The photographs are taken from the choir and from the choir aisles.


Bishop Lightfoot (1889)
White marble effigy by Sir E Boehm
Above: Charles Vane-Tempest-Stewart, 6th Marquis of Londonderry (1915). Conservative politician; and his wife, Lady Theresa Susan Helen Chetwynd-Talbot (1919).  Both were opposed to Irish Home Rule. Bronze by Tweed

Also: Bishop Beaumont (1333) This a stone with a brass matrix in front of the sanctuary steps; it does contain a brass but this dates from 1951. This is said to be a copy in which case an illustration of the original must exist.

The Feretory

St Cuthbert (c. 634-687) was an Anglo-Saxon saint in the Celtic Christian tradition, who was born and lived in the Anglo-Saxon kingdom of Northumbria. He travelled throughout the country but in in 676 'retired' for a contemplative life, becoming a hermit in a number of islands off the Northumbrian coast. After the Synod of Whitby he appeared to have accepted the Roman Christian tradition.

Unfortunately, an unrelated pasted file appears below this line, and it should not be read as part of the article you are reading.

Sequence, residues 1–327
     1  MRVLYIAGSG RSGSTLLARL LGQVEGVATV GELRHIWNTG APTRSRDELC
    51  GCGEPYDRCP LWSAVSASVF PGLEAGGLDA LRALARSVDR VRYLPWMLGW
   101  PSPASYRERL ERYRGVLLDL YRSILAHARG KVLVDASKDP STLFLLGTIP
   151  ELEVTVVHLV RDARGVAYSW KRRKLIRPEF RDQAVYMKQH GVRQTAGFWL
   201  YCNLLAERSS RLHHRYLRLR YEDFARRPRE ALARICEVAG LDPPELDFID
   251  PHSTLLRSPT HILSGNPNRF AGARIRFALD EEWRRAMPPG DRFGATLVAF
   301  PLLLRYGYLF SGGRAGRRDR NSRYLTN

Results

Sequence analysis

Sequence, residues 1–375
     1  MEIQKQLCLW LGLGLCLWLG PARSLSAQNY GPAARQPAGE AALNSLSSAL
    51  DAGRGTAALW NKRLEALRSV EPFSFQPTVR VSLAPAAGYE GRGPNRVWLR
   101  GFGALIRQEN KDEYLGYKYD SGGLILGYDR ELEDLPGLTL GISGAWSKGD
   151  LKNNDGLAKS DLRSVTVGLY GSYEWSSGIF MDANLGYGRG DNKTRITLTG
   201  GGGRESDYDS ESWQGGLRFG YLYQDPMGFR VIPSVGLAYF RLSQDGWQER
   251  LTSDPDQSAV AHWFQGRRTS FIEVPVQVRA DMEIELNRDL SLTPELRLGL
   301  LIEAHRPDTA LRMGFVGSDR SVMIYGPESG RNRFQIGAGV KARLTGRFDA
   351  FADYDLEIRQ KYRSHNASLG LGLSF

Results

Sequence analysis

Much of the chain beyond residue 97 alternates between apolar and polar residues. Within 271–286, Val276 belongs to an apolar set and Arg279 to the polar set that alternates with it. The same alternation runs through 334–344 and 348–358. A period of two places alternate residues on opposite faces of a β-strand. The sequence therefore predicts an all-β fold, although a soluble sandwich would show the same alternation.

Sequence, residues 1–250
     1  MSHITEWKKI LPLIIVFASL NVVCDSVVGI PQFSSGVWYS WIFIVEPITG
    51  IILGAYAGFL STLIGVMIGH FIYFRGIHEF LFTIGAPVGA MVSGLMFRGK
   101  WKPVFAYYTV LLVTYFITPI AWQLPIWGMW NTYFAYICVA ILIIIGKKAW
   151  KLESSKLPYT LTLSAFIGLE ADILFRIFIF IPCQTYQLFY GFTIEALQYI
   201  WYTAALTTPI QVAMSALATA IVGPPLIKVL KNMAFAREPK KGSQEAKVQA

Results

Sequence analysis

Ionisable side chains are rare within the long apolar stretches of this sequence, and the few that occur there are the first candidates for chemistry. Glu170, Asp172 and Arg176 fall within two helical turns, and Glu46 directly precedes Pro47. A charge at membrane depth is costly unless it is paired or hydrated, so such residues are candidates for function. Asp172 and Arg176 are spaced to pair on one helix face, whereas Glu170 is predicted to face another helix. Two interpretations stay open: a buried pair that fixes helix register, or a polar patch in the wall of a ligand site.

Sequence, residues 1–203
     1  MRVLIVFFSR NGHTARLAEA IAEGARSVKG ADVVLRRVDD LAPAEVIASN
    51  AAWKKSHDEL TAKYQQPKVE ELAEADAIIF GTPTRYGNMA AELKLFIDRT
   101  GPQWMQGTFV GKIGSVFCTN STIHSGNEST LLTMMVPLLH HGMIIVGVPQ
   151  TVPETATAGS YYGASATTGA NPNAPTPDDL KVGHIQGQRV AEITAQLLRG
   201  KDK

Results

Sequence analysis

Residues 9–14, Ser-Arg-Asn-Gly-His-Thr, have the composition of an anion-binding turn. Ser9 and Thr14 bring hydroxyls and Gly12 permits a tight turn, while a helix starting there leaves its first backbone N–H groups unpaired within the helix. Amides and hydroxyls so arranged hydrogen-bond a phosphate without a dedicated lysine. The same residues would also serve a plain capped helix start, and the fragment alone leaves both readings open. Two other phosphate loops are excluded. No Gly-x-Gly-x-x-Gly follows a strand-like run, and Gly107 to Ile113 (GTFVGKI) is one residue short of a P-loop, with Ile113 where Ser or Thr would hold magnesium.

In 684 he was elected Bishop of Hexham and, although he was reluctant to accept, was eventually persuaded to do so. However his 'swapped' the bishopric with that of Lindisfarme and became bishop there.

After Christmas 686 he retired a second time to his remote cell and died there in the following spring. He was buried at Lindisfarne. To avoid the marauding Danes, his remains were removed and eventually found their way to Durham, where the Cathedral Priory was founded.

He was in due course buried in a shrine which was destroyed at the Dissolution but his remains were not destroyed but buried under the stone we see today. The tester over the tomb is from 1949 and by Sir Ninian Comper. The head of St Oswald is also buried in the grave.

Who Was Saint Oswald